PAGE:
There have been no studies about the cost-effectiveness of amyloid imaging yet. A PET scan using a radiotracer causes costs of approximately USD 700 . A recently published Markov simulation to assess MRI for screening of AD showed that screening is only cost-effective with a very high diagnostic accuracy and effective treatment options . A face-name-based memory test adjusted to amyloid load could substitute imaging for screening in a broad population . Selecting and stratifying patient subgroups is important for expensive treatments. A model of the Levin group for the Alzheimer's Association shows that a hypothetical treatment that delayed the onset of clinical symptoms by 5 years could reduce the number of patients by 57%, with corresponding cost reductions. A diagnostic instrument like PET imaging with 90% sensitivity and specificity in combination with a treatment that reduces cognitive decline by 50% would reduce the lifetime risk of dementia of a 65-year-old person from 10.5 to 5.7% .
There remain clinical and ethical questions on the value of amyloid imaging as long as there is no appropriate treatment. One can argue that patients can make plans for their remaining life when clinical symptoms occur . On the other hand, a diagnosis can diminish the remaining quality of life when patients worry about being at risk. If risky treatments are available only for certain dementia subgroups, amyloid imaging can reduce the harm caused by side effects. Therefore, early biomarkers require a very high accuracy.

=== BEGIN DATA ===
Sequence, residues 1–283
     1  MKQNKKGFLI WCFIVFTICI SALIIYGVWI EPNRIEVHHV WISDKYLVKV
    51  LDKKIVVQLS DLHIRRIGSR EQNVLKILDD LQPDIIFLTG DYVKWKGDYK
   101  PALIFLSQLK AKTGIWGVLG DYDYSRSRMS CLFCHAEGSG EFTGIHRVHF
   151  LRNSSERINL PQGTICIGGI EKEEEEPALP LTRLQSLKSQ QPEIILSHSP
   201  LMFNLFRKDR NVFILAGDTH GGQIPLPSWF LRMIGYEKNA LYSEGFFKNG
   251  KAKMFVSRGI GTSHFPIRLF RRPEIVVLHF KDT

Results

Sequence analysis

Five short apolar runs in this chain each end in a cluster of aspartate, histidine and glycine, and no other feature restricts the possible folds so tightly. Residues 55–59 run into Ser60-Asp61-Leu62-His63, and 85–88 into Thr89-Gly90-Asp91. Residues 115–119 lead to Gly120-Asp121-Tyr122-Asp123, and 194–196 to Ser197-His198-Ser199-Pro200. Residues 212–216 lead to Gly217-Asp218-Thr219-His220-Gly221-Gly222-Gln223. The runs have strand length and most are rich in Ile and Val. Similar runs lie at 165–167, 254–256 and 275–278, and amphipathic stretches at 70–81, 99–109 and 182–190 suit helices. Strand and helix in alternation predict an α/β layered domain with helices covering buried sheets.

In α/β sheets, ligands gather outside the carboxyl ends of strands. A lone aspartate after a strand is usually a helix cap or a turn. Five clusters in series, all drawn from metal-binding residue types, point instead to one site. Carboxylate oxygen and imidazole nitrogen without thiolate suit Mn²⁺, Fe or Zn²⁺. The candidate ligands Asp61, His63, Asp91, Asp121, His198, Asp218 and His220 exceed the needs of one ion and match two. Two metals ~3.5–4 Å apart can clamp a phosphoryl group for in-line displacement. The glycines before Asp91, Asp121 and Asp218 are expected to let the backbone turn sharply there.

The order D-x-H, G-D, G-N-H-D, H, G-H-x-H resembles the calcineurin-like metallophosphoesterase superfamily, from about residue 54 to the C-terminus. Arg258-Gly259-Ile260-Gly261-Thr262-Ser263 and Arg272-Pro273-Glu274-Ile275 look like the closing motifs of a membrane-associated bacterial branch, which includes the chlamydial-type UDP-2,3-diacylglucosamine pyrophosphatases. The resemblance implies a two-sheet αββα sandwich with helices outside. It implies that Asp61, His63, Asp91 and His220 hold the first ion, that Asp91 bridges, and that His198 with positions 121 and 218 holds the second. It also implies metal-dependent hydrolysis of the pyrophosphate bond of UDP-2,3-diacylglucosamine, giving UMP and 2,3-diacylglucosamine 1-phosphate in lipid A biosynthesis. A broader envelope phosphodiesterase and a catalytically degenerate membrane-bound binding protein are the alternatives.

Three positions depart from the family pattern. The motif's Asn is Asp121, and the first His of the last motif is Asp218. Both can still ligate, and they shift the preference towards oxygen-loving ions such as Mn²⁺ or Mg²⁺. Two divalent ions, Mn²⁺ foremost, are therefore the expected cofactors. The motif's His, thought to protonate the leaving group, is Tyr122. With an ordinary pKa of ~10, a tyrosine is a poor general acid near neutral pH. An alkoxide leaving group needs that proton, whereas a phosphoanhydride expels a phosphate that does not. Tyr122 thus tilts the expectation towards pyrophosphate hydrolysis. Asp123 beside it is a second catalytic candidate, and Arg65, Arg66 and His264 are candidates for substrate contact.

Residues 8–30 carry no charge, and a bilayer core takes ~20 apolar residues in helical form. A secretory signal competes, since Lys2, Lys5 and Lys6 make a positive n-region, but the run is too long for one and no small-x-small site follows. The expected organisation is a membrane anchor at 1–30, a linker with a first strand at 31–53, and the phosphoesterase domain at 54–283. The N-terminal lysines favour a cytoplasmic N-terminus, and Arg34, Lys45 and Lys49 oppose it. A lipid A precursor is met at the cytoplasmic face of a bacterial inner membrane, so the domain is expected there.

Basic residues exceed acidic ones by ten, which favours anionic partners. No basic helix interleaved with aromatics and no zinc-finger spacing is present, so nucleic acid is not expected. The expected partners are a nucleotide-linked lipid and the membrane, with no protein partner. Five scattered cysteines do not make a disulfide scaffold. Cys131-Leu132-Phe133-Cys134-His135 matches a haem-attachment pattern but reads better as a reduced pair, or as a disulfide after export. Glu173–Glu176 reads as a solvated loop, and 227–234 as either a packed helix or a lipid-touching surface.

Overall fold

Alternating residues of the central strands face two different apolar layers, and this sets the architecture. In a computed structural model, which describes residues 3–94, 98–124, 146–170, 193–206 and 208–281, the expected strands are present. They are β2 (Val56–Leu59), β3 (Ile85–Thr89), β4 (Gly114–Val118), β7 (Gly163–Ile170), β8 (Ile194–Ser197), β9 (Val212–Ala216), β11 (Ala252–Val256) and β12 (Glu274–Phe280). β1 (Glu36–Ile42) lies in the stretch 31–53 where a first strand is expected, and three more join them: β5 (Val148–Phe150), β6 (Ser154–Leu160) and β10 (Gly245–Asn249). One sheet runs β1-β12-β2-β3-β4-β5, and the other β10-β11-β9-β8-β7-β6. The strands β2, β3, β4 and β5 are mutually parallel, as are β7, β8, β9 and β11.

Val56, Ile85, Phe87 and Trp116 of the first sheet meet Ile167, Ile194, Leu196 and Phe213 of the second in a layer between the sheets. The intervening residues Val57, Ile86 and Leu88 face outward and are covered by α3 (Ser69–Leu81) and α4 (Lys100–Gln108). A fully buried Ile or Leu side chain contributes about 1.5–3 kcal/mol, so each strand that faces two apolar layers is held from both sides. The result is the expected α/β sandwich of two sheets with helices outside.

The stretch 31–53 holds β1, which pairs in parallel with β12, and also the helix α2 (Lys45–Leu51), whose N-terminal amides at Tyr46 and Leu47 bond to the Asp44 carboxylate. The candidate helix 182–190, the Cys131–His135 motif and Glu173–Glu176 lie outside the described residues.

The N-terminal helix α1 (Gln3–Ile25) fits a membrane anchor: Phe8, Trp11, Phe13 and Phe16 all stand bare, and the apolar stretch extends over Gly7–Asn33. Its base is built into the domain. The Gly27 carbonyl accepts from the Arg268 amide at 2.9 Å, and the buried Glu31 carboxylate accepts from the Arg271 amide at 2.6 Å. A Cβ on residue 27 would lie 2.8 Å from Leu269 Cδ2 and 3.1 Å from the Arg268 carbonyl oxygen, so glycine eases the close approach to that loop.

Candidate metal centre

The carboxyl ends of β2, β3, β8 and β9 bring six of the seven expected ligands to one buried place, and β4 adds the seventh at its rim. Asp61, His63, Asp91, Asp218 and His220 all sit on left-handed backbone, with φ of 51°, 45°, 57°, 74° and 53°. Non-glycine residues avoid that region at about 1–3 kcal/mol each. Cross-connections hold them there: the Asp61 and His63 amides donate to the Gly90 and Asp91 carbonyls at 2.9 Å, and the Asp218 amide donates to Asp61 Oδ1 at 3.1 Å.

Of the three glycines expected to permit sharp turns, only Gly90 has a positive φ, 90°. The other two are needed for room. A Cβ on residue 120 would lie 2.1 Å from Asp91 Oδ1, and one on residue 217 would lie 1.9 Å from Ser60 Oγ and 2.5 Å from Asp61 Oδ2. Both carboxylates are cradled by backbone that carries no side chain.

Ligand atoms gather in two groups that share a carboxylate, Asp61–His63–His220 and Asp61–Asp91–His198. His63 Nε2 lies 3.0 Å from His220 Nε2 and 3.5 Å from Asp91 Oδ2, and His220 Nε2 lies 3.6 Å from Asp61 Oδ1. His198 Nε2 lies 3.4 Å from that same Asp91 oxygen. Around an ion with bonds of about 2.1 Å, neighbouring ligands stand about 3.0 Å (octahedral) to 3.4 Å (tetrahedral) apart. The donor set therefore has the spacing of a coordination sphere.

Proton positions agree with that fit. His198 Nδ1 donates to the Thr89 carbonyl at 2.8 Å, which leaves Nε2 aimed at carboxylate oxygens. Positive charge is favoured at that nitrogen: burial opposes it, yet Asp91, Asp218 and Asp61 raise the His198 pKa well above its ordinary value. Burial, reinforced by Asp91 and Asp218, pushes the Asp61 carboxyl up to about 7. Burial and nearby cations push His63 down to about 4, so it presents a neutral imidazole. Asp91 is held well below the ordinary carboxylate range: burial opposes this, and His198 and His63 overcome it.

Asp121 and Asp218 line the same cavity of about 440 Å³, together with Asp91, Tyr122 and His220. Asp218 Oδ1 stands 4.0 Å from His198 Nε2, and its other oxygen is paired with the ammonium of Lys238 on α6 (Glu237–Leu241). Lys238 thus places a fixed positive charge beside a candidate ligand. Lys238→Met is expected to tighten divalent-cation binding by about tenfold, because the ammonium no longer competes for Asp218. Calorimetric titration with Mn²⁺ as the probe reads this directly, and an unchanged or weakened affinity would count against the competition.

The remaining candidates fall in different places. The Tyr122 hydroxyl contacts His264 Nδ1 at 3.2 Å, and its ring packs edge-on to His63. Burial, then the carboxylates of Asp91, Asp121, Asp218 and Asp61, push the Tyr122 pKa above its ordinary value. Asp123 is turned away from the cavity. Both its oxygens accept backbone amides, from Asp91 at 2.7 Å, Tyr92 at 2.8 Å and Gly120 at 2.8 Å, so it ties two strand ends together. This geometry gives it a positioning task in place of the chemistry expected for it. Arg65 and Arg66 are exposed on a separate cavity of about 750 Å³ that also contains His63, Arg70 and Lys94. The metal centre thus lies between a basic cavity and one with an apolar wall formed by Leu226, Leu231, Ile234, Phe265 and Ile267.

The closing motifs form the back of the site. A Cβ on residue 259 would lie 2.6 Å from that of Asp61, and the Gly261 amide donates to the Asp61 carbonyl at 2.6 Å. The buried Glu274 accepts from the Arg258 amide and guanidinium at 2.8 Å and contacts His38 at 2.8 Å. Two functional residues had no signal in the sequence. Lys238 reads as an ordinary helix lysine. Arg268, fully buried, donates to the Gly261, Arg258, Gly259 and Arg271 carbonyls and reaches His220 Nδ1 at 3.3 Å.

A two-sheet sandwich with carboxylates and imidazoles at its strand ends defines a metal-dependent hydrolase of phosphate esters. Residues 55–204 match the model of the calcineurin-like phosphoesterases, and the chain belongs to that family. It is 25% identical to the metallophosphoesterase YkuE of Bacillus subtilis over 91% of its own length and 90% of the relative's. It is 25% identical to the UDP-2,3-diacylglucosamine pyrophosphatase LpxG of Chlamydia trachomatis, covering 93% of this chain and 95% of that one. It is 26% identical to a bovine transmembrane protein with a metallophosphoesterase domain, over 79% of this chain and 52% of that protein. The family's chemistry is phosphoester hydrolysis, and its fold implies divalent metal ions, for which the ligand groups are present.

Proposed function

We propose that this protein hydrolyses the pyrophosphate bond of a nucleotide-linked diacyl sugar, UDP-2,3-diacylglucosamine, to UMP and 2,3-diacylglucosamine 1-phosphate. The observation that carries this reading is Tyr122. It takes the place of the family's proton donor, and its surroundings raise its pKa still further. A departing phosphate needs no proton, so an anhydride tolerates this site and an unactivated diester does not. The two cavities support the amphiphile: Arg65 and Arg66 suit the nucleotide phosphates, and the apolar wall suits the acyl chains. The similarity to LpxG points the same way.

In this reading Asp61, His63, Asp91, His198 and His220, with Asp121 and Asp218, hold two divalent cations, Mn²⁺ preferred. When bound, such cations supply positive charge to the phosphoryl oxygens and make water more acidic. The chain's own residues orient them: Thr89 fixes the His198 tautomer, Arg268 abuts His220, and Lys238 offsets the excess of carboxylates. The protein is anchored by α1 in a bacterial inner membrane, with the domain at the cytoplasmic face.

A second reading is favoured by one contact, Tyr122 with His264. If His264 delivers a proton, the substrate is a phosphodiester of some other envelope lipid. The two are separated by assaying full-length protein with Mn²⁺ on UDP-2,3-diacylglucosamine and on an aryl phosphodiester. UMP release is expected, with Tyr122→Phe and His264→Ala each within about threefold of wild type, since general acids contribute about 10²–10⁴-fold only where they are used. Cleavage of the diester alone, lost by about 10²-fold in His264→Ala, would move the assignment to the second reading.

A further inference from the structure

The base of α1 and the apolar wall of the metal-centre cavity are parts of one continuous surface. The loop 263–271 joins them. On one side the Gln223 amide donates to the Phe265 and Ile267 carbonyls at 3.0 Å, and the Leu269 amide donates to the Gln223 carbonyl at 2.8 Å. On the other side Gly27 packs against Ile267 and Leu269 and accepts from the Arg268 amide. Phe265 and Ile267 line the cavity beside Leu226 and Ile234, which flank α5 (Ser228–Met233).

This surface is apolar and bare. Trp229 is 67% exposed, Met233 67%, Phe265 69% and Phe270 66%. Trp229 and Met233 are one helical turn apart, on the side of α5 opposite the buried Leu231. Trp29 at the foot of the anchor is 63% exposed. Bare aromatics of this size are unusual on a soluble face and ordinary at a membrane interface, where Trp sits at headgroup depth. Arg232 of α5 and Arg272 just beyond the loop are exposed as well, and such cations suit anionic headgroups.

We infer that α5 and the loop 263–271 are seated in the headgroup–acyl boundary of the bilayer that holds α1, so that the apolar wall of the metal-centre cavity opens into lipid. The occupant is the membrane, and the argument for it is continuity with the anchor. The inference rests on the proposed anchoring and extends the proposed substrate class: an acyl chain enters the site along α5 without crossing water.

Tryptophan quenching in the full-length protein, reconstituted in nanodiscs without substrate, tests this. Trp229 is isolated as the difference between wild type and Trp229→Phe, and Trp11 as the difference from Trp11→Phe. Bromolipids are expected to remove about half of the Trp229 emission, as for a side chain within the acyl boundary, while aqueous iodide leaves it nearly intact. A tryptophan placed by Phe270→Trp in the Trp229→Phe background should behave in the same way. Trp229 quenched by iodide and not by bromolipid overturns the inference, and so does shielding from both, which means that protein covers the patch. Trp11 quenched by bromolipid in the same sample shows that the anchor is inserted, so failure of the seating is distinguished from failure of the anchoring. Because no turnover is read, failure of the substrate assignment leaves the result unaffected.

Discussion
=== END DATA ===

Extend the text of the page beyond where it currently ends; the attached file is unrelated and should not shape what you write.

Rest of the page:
Nearly all included studies were conducted in populations meeting standard clinical research criteria, with virtually no post mortem confirmation of the underlying pathology. A spectrum bias may exist because different MCI and dementia subtypes could affect the transferability of the diagnostic performance. Additionally, 3 years have proved too short a follow-up time to make final conclusions about the predictive value of amyloid imaging . High-quality evidence like randomized controlled trials of PET diagnostic studies is still rare . We only assessed [C-11]PiB for amyloid imaging. There are also important fluorine-18-labelled radiotracers for broad clinical application because the half-life of fluorine-18 is many times longer than that of [C-11]PiB. Still, [C-11]PiB is the option most widely used , and evidence suggests that its usefulness is transferable to other radiotracers such as fluorine-18 florbetapir .